Arik Hesseldahl

Recent Posts by Arik Hesseldahl

Cisco to Acquire Inlet Technologies, May Be Looking for More Deals

Cisco Systems said today it will spend $95 million to acquire Inlet Technologies, a privately held player in the streaming video market based in Raleigh, N.C. Cisco said the deal will boost its Videoscape TV platform.

Videoscape is Cisco’s attempt to bring TV and Web content, including social media, into what it calls an “immersive” experience, whether at home or on a mobile device. Inlet’s technology is widely used in streaming video, and can adjust its quality based on network conditions.

Inlet’s customers include Major League Baseball, the BBC, Microsoft, NBC and Yahoo. Its investors are Capitol Broadcasting, which operates a group of TV stations in North Carolina, Core Capital Partners, Telecommunications Development Fund, two VC firms based in Washington, D.C., and Technology Venture Partners, a VC firm based in Minnesota.

For Cisco, it’s the latest in a string of small acquisitions. Last month it acquired Pari Networks, a networking management firm. And in December it acquired LineSider, which makes network management software. Both of those deals were small enough that terms weren’t disclosed. Cisco still sits on roughly $39 billion in cash, among the biggest hoards of cash in the tech universe.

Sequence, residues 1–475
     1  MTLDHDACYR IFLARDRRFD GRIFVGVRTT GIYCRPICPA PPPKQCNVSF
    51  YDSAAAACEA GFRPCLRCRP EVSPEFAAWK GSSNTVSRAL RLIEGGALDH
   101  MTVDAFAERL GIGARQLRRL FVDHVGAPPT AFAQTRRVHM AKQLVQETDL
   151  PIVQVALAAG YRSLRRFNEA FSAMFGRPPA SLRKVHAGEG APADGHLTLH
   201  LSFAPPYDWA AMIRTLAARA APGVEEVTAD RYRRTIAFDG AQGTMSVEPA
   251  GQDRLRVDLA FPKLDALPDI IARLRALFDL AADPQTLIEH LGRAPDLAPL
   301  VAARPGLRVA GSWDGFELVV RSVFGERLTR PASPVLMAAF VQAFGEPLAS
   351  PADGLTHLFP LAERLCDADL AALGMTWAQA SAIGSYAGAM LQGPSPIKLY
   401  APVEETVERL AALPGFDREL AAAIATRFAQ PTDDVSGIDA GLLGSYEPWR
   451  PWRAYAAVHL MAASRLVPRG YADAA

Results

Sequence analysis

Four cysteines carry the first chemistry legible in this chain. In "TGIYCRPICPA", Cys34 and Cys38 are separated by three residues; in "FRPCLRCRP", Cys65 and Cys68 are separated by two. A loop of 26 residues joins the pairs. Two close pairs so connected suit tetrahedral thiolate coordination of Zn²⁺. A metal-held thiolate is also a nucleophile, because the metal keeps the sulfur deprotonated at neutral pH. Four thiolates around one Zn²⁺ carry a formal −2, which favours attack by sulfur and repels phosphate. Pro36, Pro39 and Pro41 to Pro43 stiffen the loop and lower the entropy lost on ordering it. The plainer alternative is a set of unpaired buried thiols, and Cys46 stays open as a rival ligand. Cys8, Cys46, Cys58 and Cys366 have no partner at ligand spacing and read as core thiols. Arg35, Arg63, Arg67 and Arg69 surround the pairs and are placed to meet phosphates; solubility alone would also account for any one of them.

And as it happens, that pile just got bigger. According to a recent SEC filing, Cisco just authorized the issuing of up to $3 billion in corporate debt. The filing, dated Jan. 31, says that Cisco will use the proceeds for “general corporate purposes,” which includes a litany of things: Buying back stock, repaying debt, paying dividends and, notably, acquisitions.

Given that it has so much cash, I thought it interesting that Cisco was issuing debt. I asked Cisco spokeswoman Kristin Carvell about it. She told me it’s something Cisco regularly does for financial flexibility. “In this case, commercial paper rates are extremely attractive as a source of added liquidity going forward.”

Does that added liquidity suggest more acquisitions? It just might. Time will tell.